PHILADELPHIA (CBS) -- A couple's wedding day is typically followed by their honeymoon. But there's a new trend where newlyweds actually spend their honeymoon away from each other.
In the early days of honeymoons -- early 1800s -- it was a time for couples to travel and visit relatives who couldn't make it to their wedding. So it was zero alone time, which is quite the departure from this new trend.
Take the honey out of the moon and you've got a solomoon. On Instagram, almost 1,500 posts display the reality of this new trend, where newlyweds decide to vacation alone or with friends after the wedding rather than with each other.
"You could go by yourself on a vacation but never a honeymoon," one woman said. "Who are you supposed to make love to? Who are you supposed to kiss and caress?"
All good questions and this woman was hardly alone in her reaction.
"It's different if afterwards maybe you want to take a girls trip and you and your girlfriends go and they do the golf thing or whatever, but not for the honeymoon," another woman said.
"In the beginning especially, you gotta go together, so I don't think that's the best option," one man said.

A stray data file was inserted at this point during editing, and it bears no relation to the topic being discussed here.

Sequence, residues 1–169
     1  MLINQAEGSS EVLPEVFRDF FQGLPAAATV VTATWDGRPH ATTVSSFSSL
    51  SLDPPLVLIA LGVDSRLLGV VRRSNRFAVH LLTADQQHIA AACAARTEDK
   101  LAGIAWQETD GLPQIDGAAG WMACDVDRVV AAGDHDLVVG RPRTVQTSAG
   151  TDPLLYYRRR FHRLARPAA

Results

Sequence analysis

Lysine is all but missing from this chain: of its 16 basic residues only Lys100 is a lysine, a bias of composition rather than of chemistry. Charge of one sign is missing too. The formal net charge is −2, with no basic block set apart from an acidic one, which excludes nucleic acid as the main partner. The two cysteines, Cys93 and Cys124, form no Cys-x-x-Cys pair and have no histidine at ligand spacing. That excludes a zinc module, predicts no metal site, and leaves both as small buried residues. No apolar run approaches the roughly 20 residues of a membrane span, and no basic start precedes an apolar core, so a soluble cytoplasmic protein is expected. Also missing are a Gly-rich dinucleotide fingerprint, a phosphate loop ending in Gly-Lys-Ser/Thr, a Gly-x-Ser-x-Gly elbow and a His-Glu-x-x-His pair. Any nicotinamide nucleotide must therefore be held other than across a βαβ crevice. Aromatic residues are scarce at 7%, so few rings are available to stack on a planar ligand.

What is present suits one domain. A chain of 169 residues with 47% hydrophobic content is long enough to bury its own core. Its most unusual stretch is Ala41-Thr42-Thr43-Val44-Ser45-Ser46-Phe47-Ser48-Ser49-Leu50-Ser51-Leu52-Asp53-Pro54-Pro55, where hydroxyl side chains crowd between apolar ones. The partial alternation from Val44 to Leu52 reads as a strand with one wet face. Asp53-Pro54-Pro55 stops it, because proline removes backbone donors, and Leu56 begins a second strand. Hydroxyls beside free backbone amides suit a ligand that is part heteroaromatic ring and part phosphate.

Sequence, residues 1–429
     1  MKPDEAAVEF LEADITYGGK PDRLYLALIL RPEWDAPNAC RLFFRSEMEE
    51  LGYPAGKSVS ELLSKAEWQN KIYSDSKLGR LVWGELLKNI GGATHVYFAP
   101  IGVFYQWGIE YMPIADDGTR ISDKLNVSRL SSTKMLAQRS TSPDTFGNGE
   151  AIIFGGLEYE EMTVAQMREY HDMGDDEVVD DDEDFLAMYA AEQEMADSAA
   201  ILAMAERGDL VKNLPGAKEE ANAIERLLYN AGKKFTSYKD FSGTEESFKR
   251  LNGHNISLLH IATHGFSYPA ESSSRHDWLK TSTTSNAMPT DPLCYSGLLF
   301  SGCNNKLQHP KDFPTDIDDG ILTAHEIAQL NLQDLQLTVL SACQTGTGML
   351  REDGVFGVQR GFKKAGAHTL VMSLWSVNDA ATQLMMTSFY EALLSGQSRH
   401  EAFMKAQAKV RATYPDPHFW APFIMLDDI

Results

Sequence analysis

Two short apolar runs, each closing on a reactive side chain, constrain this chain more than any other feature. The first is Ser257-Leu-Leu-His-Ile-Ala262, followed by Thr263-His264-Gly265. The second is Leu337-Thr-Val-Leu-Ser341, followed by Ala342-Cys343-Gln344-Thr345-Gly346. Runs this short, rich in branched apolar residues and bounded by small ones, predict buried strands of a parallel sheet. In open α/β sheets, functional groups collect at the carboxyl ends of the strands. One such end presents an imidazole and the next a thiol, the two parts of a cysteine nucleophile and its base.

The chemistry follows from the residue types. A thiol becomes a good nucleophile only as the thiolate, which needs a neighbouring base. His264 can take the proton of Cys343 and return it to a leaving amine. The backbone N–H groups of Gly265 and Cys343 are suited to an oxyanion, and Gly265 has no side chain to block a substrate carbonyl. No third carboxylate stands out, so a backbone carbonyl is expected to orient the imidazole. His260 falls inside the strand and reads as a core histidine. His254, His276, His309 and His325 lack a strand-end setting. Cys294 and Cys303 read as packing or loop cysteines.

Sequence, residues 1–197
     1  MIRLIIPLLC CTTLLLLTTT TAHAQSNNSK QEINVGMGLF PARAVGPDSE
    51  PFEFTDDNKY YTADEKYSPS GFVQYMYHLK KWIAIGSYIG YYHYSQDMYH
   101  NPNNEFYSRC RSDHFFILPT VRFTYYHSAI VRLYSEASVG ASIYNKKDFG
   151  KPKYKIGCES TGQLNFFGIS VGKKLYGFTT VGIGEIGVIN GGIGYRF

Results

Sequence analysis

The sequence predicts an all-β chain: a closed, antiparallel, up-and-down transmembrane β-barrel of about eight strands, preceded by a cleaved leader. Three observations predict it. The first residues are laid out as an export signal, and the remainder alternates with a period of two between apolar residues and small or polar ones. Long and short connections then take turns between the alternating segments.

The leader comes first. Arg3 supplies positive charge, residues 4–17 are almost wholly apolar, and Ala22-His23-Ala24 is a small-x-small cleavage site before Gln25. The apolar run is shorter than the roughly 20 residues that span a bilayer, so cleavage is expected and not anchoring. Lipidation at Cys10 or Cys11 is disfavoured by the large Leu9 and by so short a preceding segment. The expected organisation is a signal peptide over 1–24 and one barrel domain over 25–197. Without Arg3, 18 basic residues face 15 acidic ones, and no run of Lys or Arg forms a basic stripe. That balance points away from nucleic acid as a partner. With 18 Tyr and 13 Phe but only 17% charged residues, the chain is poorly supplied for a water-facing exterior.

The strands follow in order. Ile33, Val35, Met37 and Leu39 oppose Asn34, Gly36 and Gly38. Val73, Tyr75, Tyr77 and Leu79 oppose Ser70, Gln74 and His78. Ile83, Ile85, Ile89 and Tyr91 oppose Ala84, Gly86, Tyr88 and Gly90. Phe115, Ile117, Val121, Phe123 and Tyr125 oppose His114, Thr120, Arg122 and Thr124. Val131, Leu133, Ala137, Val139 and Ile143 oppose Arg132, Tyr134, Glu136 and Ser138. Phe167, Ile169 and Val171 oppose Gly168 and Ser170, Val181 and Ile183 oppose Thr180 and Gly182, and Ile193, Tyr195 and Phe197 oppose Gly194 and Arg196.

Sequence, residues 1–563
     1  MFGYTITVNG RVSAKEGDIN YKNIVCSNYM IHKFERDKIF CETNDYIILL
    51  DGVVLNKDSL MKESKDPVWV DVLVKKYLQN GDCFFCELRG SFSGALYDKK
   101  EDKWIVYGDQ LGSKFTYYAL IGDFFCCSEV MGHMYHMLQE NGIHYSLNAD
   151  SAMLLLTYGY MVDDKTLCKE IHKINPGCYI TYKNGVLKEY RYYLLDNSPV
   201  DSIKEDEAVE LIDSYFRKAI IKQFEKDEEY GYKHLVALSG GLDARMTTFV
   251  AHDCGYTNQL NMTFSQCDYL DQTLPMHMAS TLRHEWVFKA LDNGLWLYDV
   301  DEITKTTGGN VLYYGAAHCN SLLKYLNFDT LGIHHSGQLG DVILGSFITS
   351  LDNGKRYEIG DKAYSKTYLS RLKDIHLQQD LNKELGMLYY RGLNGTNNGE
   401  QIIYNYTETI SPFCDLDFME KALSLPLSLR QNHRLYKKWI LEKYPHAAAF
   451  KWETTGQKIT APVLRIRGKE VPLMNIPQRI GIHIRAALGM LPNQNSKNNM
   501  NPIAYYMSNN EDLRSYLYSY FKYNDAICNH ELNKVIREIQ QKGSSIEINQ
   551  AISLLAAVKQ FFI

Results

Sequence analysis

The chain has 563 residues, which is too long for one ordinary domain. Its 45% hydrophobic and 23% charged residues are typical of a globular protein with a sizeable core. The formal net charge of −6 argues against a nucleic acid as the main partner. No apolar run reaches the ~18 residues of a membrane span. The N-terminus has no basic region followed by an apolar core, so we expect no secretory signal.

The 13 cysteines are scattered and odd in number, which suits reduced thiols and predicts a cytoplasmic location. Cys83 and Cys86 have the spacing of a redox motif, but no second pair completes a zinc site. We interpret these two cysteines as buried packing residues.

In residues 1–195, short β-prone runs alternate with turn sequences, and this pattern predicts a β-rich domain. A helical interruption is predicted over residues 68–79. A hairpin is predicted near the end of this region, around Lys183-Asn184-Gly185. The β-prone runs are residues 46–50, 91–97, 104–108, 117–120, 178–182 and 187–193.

Couples who solomoon cite the importance of independence, varying work schedules and being in a long-term relationship before tying the knot.
"Being together means being together, so I don't think that's the best option," one man said.
To learn more, Eyewitness News checked in with Dr. Rita DeMaria with the Council for Relationships.
"In general, keeping that spark of romantic love alive can happen for a lifetime but people have to know how to work it," she said.
DeMaria says calling a non-romantic trip a honeymoon is a bit misplaced.
"If they need a vacation because it fits their lifestyle, but having a honeymoon and calling it that, it's just a romantic idea," DeMaria said.
And even for long-term partners, she says a trip together can reignite that crucial spark, even if the destination is a compromise.
"Make it work," one man said. "Go one place for the honeymoon and go another place on the first anniversary.
"I don't recommend y'all going on your honeymoon solo, I'm just traditional," said one woman.
DeMaria added that it seems some people are seeking separate honeymoons as a way to rebel against tradition, and that's fine as long as the couple prioritizes at least some special time together.
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